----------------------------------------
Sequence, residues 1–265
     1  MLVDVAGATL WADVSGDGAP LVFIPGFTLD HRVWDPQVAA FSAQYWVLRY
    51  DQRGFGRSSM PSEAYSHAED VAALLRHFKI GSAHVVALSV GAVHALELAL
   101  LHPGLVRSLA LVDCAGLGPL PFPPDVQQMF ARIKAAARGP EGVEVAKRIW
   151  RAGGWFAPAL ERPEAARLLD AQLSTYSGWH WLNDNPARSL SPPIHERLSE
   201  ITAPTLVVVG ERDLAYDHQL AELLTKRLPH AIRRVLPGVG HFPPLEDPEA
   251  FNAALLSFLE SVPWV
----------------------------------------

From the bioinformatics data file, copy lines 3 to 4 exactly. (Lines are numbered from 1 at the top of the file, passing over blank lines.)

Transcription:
    51  DQRGFGRSSM PSEAYSHAED VAALLRHFKI GSAHVVALSV GAVHALELAL
   101  LHPGLVRSLA LVDCAGLGPL PFPPDVQQMF ARIKAAARGP EGVEVAKRIW